September 18, 2020


The Mystery and Wonder That Lie Within


When I wrote two weeks ago, I mentioned how much I was enjoying reading novels.  At the risk of sounding repetitious, I am going to share a quote from the current novel that I am reading.  It is entitled, The Lost and Found Bookshop, by Susan Wiggs.  Without going into detail about the plot, this quote comes as the main character is reflecting upon her mother’s life, and the profound way in which books influenced both of them.  The narrator tells us that Natalie remembers…


“When she was very small, her mother used to tell her that books were alive in a special way.  Between the covers, characters were living their lives, enacting their dramas, falling in and out of love, finding trouble, working out their problems.  Even sitting closed on a shelf, a book had a life of its own.  When someone opened the book, that was when the magic happened.”  (page 42)


I found this description to be wonderfully profound, in several ways.  There is of course the mystery that the author speaks of in describing the life that goes on between the covers of books.  It is indeed a life that we enter when we open the pages of a book.  And the author, if she or he does their writing well, invites us deeper and deeper into the lives of the characters that come to life in those pages.  Of course, if we choose to read another book instead, we will enter that world, but not this one that stands before us.


As I read the words I quoted above, I immediately thought of the Bible, and of the rich variety of stories that inhabit those pages.  On a literal level we can of course say that all of those people are long dead and buried.  But as we engage our imagination, we see and hear them come to life again.  And for those of us who tell these stories in one way or another – through sermons and education classes, through storytelling hours and art mediums of myriad kinds – it is our great pleasure to invite people into the lives of these biblical characters, to experience their joys and challenges, their faith and their unique journeys, journeys which of course can become our unique journeys if we enter into the stories fully.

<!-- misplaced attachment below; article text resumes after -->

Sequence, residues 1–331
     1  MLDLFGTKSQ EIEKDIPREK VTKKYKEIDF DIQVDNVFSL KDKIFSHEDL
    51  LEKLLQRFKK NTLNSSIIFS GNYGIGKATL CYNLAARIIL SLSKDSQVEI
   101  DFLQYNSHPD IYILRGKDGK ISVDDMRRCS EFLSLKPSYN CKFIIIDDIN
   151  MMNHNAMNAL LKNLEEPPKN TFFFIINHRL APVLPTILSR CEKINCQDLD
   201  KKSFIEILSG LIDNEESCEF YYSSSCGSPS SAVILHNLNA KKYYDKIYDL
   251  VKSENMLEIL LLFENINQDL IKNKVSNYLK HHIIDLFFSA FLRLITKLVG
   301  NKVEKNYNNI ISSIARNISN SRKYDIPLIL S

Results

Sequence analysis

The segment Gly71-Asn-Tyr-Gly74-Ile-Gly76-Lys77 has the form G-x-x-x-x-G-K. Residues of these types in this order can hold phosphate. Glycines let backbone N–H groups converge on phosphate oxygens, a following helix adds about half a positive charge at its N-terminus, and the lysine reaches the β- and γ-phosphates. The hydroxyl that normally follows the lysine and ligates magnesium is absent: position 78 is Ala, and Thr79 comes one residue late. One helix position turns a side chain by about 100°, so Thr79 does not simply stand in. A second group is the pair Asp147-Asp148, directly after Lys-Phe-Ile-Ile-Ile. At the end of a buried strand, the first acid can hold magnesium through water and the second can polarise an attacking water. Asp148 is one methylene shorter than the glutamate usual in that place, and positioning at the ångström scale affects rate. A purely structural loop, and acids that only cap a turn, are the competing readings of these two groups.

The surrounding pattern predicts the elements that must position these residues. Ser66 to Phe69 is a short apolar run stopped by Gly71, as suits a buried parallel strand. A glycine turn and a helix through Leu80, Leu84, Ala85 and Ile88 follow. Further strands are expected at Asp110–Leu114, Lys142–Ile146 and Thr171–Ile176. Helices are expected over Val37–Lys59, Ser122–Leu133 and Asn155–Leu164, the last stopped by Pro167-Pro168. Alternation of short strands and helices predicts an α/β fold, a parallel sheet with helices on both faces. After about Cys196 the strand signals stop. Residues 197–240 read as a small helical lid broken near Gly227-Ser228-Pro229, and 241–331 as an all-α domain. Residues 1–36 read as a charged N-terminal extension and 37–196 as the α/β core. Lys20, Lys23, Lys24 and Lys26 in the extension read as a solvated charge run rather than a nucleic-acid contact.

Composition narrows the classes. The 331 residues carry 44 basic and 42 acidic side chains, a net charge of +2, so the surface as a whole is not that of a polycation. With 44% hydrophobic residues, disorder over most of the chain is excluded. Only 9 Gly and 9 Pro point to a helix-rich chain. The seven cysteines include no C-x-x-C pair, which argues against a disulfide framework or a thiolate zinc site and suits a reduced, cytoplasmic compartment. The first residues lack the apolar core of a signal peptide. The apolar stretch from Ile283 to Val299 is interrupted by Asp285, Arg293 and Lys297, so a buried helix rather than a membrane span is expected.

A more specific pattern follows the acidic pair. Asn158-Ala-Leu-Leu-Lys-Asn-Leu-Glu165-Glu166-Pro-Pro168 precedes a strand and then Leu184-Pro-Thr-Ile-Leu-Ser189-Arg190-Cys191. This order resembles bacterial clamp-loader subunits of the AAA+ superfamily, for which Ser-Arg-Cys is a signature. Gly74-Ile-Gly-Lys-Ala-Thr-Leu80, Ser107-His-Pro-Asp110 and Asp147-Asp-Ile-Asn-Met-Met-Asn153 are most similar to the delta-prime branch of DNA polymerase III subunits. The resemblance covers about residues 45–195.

The Bible is so often seen as either a collection of moral codes, or as simply irrelevant in our day.  I believe it is neither of those.  The characters who live between the covers of the Bible are not unlike you and me, separated by centuries of time and cultural customs to be sure, but people still who struggled with life and death, faithfulness and anxiety, and the wide variety of emotions that all people embody.  As we truly enter into their lives, by opening the covers of the Bible, and engaging with the stories that fill its pages, we can be enabled to see a vision of ourselves as well.


Finally, what the quote from the novel led me to reflect upon is the ways in which we can choose to open the covers of the book that is each person we meet.  Sometimes we just pass by a book, and never engage with that person.  Sometimes we read just the covers, and judge the person by appearances and no more.  When we are ambitious we may open the book that is before us, and peruse enough of the pages of that person’s life that we get some insight into their own joys and challenges.  And, on occasion, we are courageous enough to fully open the book that is another person, to take the time to hear their story, to see their deep pain and their deep joy, to discover ways in which our story can intersect and mingle with their story.  It is in those times that our own lives are enriched through our interactions with another person, just as the author of a good novel enriches us too through our encountering the characters and stories between the covers of their writing.